As The New Republic's Jonathan Chait explained back in June, the right has been constructing a narrative in which the failures of President Bush are attributed to a lack of adherence to "real" conservatism, which by definition can never fail politically or substantively. In an editorial today, the Wall Street Journal tries the same approach to explaining away the defeat of the GOP Congress on Tuesday.
First, the WSJ claims "big government conservatism" is a losing proposition and voters prefer fewer government services:
Here's one telling exit poll result: In battleground districts, only one in five voters said Republicans would do a better job to "keep government spending under control"; almost twice as many voters said Democrats would do a better job. Yet this week a separate poll found that 59% of Americans still favor fewer government services and lower taxes compared with 28% who favor more government services and higher taxes. "Big government conservatism" was a nice think-tank proposition; it merely lacks support from actual voters.
Setting aside the irony of the WSJ citing a poll that acknowledges the tradeoff between government expenditures and taxes (contradicting the newspaper's own position on the revenue effect of tax cuts), the finding is useless -- voters typically are anti-government in the abstract, but want more spending on specific, popular programs. President Bush didn't pass the hideous prescription drug bill because he wanted to; he did so because seniors were demanding one. It's a delusion to suggest voters are rejecting conservatives for failing to cut government sufficiently. The Republicans tried that in 1995 and have been running away from it ever since.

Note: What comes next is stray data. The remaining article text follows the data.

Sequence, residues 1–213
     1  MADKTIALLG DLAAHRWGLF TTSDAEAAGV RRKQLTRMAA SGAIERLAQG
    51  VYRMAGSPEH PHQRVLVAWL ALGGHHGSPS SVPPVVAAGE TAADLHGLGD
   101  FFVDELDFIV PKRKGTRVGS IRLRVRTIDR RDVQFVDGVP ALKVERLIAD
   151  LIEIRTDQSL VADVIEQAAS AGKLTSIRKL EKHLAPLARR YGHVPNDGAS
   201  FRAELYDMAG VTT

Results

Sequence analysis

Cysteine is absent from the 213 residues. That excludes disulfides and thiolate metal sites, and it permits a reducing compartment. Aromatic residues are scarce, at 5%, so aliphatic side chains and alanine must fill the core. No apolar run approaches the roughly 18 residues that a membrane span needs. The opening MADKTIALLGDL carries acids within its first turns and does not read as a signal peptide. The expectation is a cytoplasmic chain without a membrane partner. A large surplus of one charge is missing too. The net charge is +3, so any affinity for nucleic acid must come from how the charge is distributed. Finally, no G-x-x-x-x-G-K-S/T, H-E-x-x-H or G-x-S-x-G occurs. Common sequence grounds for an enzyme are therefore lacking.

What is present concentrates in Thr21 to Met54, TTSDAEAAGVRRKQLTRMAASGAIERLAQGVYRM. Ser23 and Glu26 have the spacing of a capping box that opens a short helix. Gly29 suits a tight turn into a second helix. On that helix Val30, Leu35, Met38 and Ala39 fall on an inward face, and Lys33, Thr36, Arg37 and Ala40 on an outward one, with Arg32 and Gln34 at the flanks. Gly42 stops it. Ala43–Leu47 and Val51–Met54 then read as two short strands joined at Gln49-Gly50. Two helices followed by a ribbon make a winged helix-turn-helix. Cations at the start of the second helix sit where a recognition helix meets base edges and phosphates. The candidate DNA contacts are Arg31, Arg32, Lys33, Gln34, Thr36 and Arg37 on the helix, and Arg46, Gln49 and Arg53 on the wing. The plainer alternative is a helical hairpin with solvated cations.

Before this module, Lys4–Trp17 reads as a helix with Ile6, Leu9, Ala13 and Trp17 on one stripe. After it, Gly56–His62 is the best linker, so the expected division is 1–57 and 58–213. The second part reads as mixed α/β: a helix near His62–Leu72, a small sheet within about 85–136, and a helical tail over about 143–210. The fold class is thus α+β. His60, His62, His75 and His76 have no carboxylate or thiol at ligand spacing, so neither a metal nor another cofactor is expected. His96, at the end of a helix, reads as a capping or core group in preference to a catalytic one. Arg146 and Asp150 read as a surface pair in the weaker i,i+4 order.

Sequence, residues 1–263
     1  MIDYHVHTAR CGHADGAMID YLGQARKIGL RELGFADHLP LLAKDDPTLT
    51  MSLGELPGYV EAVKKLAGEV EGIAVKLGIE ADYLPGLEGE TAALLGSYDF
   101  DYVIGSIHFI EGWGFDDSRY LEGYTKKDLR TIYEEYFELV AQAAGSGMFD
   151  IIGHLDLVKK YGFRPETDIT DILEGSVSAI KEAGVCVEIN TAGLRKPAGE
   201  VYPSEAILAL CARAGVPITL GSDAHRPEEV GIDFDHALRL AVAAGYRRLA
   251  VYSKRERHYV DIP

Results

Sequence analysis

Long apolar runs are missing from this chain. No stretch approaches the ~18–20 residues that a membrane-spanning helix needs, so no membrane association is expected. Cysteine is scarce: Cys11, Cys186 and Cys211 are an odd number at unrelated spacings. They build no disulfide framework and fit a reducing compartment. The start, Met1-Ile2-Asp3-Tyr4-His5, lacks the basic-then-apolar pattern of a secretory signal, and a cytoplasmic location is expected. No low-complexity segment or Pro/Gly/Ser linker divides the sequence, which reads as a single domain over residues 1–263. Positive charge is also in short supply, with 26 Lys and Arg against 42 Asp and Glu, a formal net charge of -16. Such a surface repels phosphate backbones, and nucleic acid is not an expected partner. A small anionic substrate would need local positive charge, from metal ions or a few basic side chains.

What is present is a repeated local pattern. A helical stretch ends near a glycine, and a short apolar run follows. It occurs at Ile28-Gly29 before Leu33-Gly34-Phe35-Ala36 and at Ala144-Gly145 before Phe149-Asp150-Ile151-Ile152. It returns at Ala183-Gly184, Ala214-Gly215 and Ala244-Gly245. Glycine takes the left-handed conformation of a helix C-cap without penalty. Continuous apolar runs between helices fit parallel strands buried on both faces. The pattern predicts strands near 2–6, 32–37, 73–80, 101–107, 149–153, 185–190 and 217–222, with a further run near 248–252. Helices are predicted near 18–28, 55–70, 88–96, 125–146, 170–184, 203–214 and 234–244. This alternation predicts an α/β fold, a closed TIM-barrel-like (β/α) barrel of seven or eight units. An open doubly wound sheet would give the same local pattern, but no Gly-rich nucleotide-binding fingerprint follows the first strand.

The WSJ also attributes the failure of President Bush's unpopular plan to create private accounts in Social Security to a lack of will on the part of top Republicans in Congress:
President Bush gave Republicans a once-in-a-generation chance to reform Social Security and health care along free market lines, but GOP House leaders fought him behind the scenes. For this alone, they should be returned to the backbenches.
This of course gets it precisely backward. I'm sure Hastert and friends would have loved to pass private accounts, but they fought Bush's proposal behind the scenes because it was deeply unpopular. There was no "once-in-a-generation chance" to pass private accounts; the votes were never there.
Do WSJ readers actually believe this nonsense?